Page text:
The generator has an outdoor weatherproof enclosure and is placed
on a pad typically along the house sidewall near the AC equipment
and the utility meters. The generator can operate on either natural
gas or liquid propane and is connected to the available source of
fuel. Alternately, diesel fueled generators are also available but
their use is not customary in residential applications. The generator
is also connected to an Automatic Transfer Switch (ATS) that controls
the system and is mounted on a wall typically near the main electrical
panel(s). The ATS transfers power to an emergency panel that contains
selected critical emergency circuits or, if desired with larger
generators, to the entire house load.
Your generator system is fully automatic and will operate even when
no one is home. The ATS continuously monitors your home’s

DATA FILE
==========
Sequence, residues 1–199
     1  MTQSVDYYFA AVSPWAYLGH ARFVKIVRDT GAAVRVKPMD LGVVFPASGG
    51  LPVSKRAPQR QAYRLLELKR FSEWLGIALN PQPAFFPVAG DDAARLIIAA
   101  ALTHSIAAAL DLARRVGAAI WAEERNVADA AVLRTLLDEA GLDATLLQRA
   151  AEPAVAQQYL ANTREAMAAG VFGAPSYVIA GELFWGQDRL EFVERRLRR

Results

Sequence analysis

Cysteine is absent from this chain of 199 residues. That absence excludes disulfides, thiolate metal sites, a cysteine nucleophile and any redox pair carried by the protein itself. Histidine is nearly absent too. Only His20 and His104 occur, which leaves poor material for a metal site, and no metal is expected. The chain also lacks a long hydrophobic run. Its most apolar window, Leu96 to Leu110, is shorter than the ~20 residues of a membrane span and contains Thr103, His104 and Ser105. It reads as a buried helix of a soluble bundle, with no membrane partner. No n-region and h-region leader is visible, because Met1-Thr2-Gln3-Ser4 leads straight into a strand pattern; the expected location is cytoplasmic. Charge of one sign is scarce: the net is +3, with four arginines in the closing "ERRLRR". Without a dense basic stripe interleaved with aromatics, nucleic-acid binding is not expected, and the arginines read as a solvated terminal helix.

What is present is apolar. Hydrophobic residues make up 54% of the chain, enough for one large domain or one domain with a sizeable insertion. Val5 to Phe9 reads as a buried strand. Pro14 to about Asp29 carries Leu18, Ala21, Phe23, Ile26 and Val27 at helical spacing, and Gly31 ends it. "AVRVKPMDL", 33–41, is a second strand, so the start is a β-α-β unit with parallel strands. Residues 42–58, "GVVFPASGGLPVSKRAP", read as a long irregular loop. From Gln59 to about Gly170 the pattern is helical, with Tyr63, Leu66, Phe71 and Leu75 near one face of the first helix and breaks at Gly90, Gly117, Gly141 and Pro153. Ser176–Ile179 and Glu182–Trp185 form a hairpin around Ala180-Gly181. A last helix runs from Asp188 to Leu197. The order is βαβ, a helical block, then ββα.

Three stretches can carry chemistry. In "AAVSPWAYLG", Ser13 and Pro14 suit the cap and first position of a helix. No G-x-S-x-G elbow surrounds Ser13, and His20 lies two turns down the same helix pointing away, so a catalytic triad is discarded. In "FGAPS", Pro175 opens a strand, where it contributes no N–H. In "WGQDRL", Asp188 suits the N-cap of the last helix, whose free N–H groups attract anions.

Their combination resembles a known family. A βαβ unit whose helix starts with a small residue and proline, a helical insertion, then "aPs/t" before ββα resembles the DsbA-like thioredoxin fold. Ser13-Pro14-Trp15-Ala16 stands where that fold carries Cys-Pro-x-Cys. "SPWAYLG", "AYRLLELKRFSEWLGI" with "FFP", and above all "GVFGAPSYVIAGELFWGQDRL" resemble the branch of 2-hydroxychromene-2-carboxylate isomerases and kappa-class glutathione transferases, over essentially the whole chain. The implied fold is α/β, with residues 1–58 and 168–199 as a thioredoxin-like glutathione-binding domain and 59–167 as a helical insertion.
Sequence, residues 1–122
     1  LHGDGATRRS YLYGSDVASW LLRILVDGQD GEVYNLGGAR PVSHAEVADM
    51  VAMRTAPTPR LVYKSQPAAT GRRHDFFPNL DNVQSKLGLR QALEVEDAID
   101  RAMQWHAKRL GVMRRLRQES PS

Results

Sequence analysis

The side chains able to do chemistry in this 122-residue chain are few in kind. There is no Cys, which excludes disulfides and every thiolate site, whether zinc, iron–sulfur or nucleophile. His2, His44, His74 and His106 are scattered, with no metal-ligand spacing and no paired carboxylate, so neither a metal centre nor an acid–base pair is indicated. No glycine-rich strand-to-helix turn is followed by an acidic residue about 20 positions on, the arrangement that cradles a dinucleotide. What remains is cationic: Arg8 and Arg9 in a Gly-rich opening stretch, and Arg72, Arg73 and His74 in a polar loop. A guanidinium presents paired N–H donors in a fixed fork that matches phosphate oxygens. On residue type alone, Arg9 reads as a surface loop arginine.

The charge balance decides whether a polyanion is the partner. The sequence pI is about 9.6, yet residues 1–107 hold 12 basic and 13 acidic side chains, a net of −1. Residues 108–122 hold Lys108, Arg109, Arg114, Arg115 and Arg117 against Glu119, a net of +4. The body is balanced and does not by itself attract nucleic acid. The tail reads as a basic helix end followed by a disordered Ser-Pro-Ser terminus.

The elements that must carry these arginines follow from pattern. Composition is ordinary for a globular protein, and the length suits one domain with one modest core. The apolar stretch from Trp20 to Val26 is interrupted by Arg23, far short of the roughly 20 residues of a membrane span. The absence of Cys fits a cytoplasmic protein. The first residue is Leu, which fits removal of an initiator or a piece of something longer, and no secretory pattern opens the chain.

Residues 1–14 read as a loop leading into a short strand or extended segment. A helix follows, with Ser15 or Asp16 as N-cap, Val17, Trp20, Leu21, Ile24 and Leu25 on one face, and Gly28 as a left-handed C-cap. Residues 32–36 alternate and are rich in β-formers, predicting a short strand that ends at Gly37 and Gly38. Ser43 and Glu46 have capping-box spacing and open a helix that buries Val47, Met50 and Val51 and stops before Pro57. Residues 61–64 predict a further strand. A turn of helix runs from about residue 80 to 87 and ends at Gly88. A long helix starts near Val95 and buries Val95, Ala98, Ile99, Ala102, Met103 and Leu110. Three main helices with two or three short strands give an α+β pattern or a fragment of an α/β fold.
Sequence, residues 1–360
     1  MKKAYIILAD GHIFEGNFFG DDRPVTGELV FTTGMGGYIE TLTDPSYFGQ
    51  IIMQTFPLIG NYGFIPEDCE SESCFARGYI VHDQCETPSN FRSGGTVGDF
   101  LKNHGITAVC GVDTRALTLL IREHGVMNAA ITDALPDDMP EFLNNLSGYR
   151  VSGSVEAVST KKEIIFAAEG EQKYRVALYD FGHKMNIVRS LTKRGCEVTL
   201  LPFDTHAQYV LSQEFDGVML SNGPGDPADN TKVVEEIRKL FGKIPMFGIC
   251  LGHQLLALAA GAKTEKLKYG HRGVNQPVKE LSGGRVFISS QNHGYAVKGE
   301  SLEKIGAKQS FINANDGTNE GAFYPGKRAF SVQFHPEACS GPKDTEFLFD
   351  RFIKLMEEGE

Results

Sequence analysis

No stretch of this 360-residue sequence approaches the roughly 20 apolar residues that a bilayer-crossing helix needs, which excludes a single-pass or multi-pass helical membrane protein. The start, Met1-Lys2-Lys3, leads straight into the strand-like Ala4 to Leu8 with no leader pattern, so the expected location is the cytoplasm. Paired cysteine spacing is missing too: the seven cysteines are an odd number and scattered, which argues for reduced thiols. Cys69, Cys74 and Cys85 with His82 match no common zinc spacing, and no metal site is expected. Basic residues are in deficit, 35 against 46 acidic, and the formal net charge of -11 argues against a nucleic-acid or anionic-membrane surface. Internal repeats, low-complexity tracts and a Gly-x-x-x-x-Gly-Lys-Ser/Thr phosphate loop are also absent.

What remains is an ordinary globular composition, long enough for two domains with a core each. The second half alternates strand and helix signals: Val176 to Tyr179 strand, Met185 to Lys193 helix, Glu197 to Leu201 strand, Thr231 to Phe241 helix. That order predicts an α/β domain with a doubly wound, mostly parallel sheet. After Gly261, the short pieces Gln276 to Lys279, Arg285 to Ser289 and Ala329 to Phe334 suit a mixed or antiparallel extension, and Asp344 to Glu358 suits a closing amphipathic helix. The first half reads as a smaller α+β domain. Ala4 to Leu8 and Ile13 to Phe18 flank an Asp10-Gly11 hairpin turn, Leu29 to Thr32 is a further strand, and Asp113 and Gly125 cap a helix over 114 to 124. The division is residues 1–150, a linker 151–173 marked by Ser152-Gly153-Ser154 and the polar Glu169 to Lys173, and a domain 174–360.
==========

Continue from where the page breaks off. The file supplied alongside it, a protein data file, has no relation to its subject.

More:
power. When utility power is interrupted, it immediately senses
the voltage drop and remotely starts the generator (internal 12V
battery and charger) safely transferring power to the emergency
panel… all within seconds of the outage.
Whenever power is restored, the ATS automatically transfers back
to utility power, remotely shuts down the generator (after a brief
cool down period), and resets itself to standby mode…. ready
for the next power outage.
The system is preset to self-exercise weekly for optimum reliability